A local recurrence rate of 5 to 25 % is reported in literature. The recurrence rate is typically related to the size of the tumor [2, 12]. Consequently, careful clinical and radiological follow-up including regular MRI is recommended [2]. We present here a case of BFH treated with resection and reconstructed using non vascularized fibular bone graft.

Case presentation

A 34-year-old female presented with a 3 year history of a palpable swelling and mild pain in the left gluteal region. There was no history of preceding trauma or accident. Two years after initiation of symptoms without clinical progress, the patient became pregnant and noted a local growth of the mass. After giving birth to a healthy child, the patient consulted an orthopedic surgeon. A radiographic image of the pelvis revealed a large osteolytic lesion in the left iliac wing, sharply contoured with sclerotic margins, indicating a slow growth pattern (Figure 1). MR-imaging of the pelvis showed a mass originating from the os ilium with a large extra- and intrapelvic soft-tissue component (Figure 2). Open biopsy was performed that lead to the diagnosis of BFH.

Figure 1

Radiograph of the pelvis showing a well-circumscribed osteolytic lesion in the left iliac bone; it is sharply marginated with a thin sclerotic rim and without any matrix calcifications.

Figure 2

a-d: MRI shows a mass originating from the ileum and extending into the soft tissues both anteromedially and posterolaterally. In T1-weighted sequences the mass is isointense with muscle (a). It enhances after administration of gadolinium (b, c). In fat-suppressed T2-weighted sequences it has high signal intensity (d).

After reference to the literature on BFH, surgical en bloc resection was considered to be the appropriate treatment modality [2, 3, 12, 13]. In accordance to the imaging results, the iliac crest could be preserved, while the linea terminalis of the left side had to be resected (Figure 3). Figure 4 shows the resected tumor specimen. Histological study of the resected specimen confirmed the diagnosis of BFH (Figure 5). The surgical margins were found to be free of tumor confirming complete tumor resection.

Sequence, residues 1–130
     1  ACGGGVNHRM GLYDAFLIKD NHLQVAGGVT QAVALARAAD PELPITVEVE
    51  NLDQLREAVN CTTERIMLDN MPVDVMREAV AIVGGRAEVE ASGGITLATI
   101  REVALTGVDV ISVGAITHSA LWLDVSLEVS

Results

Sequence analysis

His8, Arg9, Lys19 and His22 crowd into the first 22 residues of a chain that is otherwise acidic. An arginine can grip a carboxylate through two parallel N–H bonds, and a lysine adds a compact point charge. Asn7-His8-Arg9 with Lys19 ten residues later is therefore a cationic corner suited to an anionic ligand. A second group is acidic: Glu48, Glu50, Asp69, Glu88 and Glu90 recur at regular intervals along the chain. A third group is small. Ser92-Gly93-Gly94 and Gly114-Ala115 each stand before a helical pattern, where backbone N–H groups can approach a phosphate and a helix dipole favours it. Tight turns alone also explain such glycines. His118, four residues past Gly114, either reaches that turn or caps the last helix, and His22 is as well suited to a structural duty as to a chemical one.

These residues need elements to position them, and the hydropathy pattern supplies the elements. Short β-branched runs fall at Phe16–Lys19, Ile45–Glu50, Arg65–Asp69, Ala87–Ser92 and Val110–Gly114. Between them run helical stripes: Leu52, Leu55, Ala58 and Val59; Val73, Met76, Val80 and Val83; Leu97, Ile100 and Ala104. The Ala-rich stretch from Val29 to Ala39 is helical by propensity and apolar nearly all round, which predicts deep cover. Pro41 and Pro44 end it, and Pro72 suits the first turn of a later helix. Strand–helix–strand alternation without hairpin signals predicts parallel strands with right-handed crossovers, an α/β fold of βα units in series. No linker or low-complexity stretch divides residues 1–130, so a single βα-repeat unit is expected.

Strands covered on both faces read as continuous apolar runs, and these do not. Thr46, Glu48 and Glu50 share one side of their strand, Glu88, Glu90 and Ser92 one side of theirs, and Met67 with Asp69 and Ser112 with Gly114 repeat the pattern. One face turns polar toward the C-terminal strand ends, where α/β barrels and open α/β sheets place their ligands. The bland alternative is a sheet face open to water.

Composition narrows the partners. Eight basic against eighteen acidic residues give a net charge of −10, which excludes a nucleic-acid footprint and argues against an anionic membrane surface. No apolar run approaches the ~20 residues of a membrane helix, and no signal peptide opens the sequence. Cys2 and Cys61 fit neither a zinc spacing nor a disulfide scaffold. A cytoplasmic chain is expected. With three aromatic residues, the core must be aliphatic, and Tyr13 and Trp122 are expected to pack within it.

Figure 3

Defect after tumor resection, with disruption of the linea terminalis.

Figure 4

Macroscopic view of the resection specimen in transverse orientation. Large yellow osteodestructive tumor originating from iliac bone and with extensive extraosseous parts. Invasion of massa lateralis of sacral bone. Sharp borders between tumor and bone are indicative of a slow-growing neoplasm.

Figure 5

Histology of the resection specimen. Spindle tumor cells admixed with some multinucleated giant cells (left) and foamy macrophages (middle) and cholesterol clefts (right). (Hematoxyllin and Eosin x)

The pelvic ring was then stabilized in a second operation using a non-vascularized fibular autograft that was impacted and stabilized with screws and a Kirschner-wire reconstructing the linea terminalis of the left pelvic ring (Figure 6). Post operatively she developed neurapraxia of the left lateral femoral cutaneous nerve, which resolved spontaneously within 6 months after surgery. Following two weeks of bed rest and limited restriction of movement up to 70° flexion of the hip joint, the patient was mobilized with partial weight bearing for three months.